Jerseyville has always been well provided with livery stables and no city of its size can boast of more stylish outfits than those kept and furnished by our city liverymen. The drives about Jerseyville are unsurpassed and during the season for this out door amusement, our young people indulge freely in buggy riding, which fact has stimulated our liverymen to keep first-class stock and stylish rigs, and the business has thus become at once profitable and lucrative. The stable now occupied by Mr. E. A. R. MYERS on east Pearl street, was erected by Mr. Charles E. BOWMAN, and occupied by him in the livery business a number of years. It is a fine brick structure 44 x 100 feet in ground area and two stories high, and is supplied with every convenience for carrying on the business. In July 1880, Myers and Brown bought the stable outfit, and after one year Mr. Brown retired from the firm and Mr. Myers has been sole proprietor since. Mr. Myers is a native of Scott county, Virginia, and when quite young his parents moved to Missouri where they remained until 1878, when the family moved to Jersey county. Mr. Myers spent his early years clerking in various capacities, and farming, up to the time he engaged in the livery business at Jerseyville in 1880. In 1878 he was married to Celestia P. BROWN, a native of Franklin county, Mo., and has but recently taken possession of a handsome residence purchased by himself, on east Pearl street. Mr. Myers feeds about twenty horses for his livery use, and as stated above has a stylish outfit of buggies, phaetons, carriages, etc., and sends out none but experienced and careful drivers. He is a practical horseman, a good judge of horses, and buys and sells horses, and keeps boarders in the line of his business. His stable is popular and he has a good run of custom.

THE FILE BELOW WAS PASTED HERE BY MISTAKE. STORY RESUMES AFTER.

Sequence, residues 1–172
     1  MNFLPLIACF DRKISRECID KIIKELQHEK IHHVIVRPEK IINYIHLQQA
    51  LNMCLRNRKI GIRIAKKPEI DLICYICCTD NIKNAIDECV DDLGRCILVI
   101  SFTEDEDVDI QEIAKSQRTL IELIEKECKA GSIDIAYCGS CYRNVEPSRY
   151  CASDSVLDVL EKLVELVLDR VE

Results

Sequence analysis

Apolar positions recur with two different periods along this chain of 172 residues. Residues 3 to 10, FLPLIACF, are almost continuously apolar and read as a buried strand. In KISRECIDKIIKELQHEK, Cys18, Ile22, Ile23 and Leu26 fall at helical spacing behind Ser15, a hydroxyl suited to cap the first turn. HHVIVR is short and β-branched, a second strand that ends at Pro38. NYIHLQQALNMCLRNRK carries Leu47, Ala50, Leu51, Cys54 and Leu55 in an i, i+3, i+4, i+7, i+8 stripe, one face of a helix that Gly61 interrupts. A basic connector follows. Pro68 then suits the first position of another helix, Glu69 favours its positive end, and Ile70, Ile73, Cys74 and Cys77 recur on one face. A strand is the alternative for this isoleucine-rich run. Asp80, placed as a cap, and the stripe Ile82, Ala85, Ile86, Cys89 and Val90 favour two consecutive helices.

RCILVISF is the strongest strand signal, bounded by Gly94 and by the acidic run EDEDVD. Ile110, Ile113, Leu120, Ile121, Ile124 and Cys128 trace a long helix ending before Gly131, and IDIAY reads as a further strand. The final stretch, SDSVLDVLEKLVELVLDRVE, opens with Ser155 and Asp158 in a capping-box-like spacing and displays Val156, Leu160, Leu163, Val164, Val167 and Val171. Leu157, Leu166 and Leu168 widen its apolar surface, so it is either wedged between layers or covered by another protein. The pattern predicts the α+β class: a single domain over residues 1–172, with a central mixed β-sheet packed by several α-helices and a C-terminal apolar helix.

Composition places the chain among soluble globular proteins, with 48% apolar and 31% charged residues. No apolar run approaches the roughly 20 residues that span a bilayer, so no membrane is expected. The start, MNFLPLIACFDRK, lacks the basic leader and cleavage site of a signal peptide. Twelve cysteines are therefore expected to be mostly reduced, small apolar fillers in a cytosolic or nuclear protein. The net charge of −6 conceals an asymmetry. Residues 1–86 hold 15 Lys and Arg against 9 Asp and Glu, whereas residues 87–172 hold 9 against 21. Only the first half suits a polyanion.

Herman F. Brockman, Baker and Confectioner
No more conspicuous examples of personal success can be found in Jerseyville that those furnished by the Brockman brothers respectively who are to day numbered among our most enterprising and industrious citizens. As stated elsewhere in these comments these brothers started in business at Jerseyville in 1879 succeeding Nail & Voorhees, and conducted their bakery and confectionery business together until 1884, when Herman sold out his interest to his brother, and taking Horace Greelys advice, to go west young man, went to Crawford county, Kansas, where he remained two years, when he returned to Jerseyville, and in 1887 started what is now known as the National Bakery, in the old National Hotel building on East Pearl street. Being thrifty, industrious and economical, he soon firmly established himself in the community as a first-class baker and confectioner, and found ready and abundant sale for his goods. He is a thorough master of his business and his bread of which he manufactures several different varieties, including milk vienna, graham, rye and home made bread is pronounced par excellence by all who use it. He also does fine pastry cooking and makes a specialty of wedding cakes. He also carries a full line of fine candies and confections, and has a good trade in these. Mr. Herman F. BROCKMAN is a native of St. Louis, but has spent most of his life at Jerseyville, and that he has greatly prospered in business goes without saying. He, last year built a conspicuous and ornamental dwelling house in Shephards Addition to the city, where he now resides. In 1883 he was married to Miss Emma LERESCHE of our city, and is the happy father of three children – two bouncing boys and one girl. Mr. Brockman has hosts of friends, who rejoice to know of his business prosperity and domestic happiness as well. Miss Katie BROCKMAN is the popular sales woman at this place of business.